One man’s ghost cat is another man’s negative assets manager. (Please do not copy and paste that last sentence as it is now under copyright and will inevitably be one of the great literary proverbs of the 21st century.)
First, you should know this is not a remake of the 1947 film with the same name. (And for those of you who haven’t seen that version, you are missing out on the quintessence of Danny Kaye comedy.) Both movies contain a character named Walter Mitty who daydreams a lot, but the similarities stop there.
I also read James Thurber’s short story on which this movie is based a while back, and from what I remember, this film is a far stretch from the original storyline.
Differences aside, my wife and I saw this movie over the Christmas break and we absolutely loved it. It’s quirky, artsy, and inspiring. And there’s a very small amount of language/innuendo in it. (The movie is barely PG.) Plus, the cinematography is breathtaking. Very, very cool.
I read that a Walter Mitty movie was in development for almost 20 years. At different points in time the character was going to be played by Jim Carrey, Mike Myers, and Owen Wilson. Now that I’ve seen it, I can’t imagine anyone doing a better job than Ben Stiller.
Kristen Wiig does a good job, too. So does Sean Penn. I would say Adam Scott (from Parks and Recreation) did great, too, except his beard was weird and discolored and I found it distracting and offensive to the facial hair community.
OH, SOMETHING YOU SHOULD KNOW: I used to daydream a lot. It was paved and I was the only one who could park on it. (ba-dun TSHHHH…)
I love how this movie plays on the purpose of Life magazine:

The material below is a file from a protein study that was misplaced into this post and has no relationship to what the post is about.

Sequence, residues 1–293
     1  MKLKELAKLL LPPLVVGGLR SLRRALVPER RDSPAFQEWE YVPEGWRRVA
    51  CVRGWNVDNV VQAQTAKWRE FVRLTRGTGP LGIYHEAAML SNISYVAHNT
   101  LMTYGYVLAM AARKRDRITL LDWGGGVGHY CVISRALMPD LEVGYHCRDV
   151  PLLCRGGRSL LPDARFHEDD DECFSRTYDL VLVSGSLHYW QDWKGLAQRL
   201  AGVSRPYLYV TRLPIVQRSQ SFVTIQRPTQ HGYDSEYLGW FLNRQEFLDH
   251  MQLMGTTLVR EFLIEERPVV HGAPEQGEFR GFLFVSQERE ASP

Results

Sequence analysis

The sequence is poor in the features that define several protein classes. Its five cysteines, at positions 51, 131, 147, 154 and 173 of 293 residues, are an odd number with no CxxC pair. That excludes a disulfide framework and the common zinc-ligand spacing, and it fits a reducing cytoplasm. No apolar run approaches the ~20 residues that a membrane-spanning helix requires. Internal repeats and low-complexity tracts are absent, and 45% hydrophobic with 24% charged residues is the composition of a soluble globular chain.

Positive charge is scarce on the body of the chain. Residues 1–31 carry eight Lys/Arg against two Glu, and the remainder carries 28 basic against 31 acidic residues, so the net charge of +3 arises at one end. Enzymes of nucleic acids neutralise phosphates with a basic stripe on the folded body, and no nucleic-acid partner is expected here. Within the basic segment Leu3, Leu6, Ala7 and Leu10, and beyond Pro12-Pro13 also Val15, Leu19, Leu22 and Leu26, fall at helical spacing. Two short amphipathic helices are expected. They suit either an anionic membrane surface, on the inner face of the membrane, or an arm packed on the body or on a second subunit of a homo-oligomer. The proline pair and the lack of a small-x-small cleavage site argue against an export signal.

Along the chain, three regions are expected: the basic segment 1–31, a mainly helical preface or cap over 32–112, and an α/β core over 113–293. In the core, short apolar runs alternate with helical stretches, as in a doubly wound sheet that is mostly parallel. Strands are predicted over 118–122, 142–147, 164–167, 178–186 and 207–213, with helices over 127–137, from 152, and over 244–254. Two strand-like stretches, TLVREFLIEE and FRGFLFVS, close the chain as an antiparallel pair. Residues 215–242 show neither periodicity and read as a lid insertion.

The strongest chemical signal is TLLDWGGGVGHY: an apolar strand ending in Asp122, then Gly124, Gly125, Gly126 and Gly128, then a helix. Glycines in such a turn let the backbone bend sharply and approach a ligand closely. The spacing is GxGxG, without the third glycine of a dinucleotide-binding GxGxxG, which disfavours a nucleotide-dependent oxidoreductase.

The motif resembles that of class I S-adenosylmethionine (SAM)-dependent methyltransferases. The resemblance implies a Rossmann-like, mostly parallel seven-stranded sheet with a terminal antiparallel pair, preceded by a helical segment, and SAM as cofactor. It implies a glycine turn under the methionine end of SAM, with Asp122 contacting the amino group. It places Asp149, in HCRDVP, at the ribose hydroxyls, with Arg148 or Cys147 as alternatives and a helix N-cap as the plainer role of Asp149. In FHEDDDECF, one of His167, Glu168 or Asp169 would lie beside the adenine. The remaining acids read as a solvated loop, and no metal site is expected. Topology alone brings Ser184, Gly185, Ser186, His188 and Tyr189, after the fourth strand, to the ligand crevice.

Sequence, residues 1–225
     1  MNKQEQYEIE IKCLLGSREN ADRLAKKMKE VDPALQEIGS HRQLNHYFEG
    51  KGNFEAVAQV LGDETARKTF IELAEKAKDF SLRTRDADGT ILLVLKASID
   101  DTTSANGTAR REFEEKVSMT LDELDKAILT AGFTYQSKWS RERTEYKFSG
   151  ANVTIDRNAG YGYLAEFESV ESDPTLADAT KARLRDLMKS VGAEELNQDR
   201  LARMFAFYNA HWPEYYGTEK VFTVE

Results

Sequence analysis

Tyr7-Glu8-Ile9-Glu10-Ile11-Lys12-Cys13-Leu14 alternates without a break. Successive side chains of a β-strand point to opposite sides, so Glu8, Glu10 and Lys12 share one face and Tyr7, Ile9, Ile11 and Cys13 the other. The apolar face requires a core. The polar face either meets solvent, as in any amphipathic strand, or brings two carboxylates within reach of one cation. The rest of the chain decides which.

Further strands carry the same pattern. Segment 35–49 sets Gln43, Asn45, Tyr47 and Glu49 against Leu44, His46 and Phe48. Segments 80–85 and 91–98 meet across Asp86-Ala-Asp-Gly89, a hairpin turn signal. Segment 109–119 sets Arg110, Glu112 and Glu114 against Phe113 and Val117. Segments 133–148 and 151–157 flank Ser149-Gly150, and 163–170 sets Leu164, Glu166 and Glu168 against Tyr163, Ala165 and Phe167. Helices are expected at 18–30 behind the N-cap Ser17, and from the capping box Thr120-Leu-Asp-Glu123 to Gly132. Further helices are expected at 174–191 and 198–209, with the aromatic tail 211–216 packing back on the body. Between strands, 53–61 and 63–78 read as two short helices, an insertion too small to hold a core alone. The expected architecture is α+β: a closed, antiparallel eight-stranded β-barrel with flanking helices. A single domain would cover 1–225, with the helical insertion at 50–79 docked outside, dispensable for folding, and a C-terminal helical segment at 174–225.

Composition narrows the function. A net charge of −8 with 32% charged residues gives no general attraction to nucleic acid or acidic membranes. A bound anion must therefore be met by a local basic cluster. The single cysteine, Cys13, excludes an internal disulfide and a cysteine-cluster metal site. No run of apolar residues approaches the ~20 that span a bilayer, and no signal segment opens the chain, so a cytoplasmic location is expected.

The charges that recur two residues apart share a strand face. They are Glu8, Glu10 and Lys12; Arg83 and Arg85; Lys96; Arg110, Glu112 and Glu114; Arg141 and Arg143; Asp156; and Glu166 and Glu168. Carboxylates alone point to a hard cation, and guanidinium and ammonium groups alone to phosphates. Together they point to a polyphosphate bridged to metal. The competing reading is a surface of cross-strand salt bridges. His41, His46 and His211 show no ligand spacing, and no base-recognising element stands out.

“To see the world, things dangerous to come to, to see behind walls, to draw closer, to find each other and to feel. That is the purpose of Life.”
While I couldn’t find anything to suggest this was the historic magazine’s exact motto in real Life, it doesn’t really matter. The point is that Walter found the motivation to move forward and not sit back and watch his life go by without him.
And while we don’t have to travel the world or jump out of helicopters to live life, we still must do something more than dream of our mansions above.
This life is a time to prepare to meet God, and that means repentance, improvement, and change. We should never be content with daydreaming when we could be doing something to expand our capacities, to “see” and “find” and “feel,” and make the world a better place.
And in our quest for developing our divine potential, we must not under-value our present contributions. This movie pays beautiful tribute to what it calls “ghost cats” — those who just quietly do without seeking attention.
Put your dreams into action, and be proud of what you accomplish. Time won’t stop for anyone.
“Behold, I say unto you that it is my will that you should go forth and not tarry, neither be idle but labor with your might.” – Doctrine & Covenants 75:3